“A ‘Ferguson’ Near You…”

It’s been 11 years, but I can still see the kid’s face: reddish cheeks on a plump, cherubic face with an impish grin. The photo of a dead man.

Michael McKinney was 21 years old the night he mistakenly banged on the door of the wrong person. After a night of heavy drinking, he stumbled back to his friend’s house, as planned, to slip through the back door and pass out, thus avoiding a potential DUI.

Instead, he found a home occupied by a scared woman who called 9-1-1, fearing the banging on her back door was a prowler or worse. A rookie police officer, Robert Duplain, responded to the scene and ended up putting four bullets into the Ball State student.

The next day, as I returned from a convention across the country, I got the call from the editor at my student newspaper. The editor laid out what we had: We don’t know much. The kid is dead. The cop shot him. We don’t know why.

I dropped my suitcase inside the door, kissed my wife hello/goodbye and worked another 12 hours.

The students covered the event incredibly well, given their lack of experience. They asked the right questions, worked with the right people and kept the campus updated as well as (or better than) the local and state papers. They also followed the story for more than a year as officials were investigated, lawsuits were dismissed and memories faded.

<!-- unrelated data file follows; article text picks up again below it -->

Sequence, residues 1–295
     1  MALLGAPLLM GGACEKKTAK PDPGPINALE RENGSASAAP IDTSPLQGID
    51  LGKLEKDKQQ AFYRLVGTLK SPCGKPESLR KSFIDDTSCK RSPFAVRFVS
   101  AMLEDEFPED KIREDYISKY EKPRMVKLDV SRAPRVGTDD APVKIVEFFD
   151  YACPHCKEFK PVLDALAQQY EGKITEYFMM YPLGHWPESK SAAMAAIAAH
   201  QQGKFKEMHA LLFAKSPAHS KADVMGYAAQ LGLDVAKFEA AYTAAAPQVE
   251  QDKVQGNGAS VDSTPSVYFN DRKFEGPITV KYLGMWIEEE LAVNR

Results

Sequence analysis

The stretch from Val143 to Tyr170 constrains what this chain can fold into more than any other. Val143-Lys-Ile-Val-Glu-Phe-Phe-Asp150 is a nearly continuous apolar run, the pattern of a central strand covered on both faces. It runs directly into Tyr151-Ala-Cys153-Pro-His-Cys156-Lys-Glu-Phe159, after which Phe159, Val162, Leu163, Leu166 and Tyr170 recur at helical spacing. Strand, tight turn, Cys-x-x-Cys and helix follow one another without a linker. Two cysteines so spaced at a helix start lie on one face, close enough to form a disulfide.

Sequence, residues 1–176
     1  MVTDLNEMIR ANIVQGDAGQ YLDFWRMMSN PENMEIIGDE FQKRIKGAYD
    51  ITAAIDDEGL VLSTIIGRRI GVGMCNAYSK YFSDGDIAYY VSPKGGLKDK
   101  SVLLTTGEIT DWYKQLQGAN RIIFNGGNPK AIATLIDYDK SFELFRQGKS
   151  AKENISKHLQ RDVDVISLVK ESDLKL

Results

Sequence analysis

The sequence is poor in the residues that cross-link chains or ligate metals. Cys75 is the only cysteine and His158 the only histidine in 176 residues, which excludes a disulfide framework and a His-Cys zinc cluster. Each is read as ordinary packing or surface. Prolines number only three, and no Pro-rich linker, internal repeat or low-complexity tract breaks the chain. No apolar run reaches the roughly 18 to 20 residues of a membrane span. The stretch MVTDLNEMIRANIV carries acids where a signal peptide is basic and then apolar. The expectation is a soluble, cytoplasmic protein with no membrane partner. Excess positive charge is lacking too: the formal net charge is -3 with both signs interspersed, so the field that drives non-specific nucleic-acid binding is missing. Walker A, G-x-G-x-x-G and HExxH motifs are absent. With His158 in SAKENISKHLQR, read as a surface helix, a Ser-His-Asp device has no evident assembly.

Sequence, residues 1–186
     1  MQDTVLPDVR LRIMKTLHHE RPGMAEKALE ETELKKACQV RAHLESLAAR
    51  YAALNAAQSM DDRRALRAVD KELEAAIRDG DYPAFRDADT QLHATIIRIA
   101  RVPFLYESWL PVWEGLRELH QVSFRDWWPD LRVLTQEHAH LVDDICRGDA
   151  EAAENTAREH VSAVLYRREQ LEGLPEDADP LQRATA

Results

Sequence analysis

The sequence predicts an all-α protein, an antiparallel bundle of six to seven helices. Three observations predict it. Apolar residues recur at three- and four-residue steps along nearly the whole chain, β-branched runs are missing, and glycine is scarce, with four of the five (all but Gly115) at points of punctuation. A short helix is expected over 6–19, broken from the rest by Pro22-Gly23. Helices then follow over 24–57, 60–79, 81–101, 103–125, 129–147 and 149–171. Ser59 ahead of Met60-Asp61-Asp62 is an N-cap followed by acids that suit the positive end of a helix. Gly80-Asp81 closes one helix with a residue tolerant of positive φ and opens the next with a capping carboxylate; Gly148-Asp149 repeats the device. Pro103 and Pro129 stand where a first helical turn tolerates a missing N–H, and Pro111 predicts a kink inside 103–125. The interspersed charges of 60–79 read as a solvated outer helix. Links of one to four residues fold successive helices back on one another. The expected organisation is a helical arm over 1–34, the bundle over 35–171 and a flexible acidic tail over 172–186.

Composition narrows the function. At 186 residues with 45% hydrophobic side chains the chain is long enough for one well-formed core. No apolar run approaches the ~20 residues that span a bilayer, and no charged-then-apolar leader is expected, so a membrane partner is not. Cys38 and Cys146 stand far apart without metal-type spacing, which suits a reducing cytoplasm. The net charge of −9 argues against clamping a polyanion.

The thing that stuck with me over all these years was that first night, as the students vacillated between figuring out the news and coming to grips with the shooting. One of the editors, someone who had lived his whole life in that community, said, “This doesn’t happen here…”

He said in a way that felt like he was partially trying to explain his lifelong home to a new resident and partially trying to reassure himself of something.

That line came back to me as I thought about the Michael Brown shooting and the subsequent escalation of violence in that St. Louis County community. According to crime statistics, the city has barely a handful of murders each year and this year it drifted just above average for overall crime. It compares pretty favorably to Muncie the years I lived there and, believe me, nothing there felt horribly unsafe. The closest thing to “major police action” we got was when the short-lived show “Armed and Famous” filmed it six episode lifespan in our town.

This doesn’t happen HERE…

The thought of giant tactical vehicles rolling down the street with snipers posted on every block would be just as foreign there as it was to the people in Ferguson.

This was probably the thought citizens there had as looters tore through their stores, police gassed protestors and President Obama said their city’s name on TV repeatedly. It was probably the same thought they had when they heard about the shooting itself.

This. Doesn’t. Happen. Here.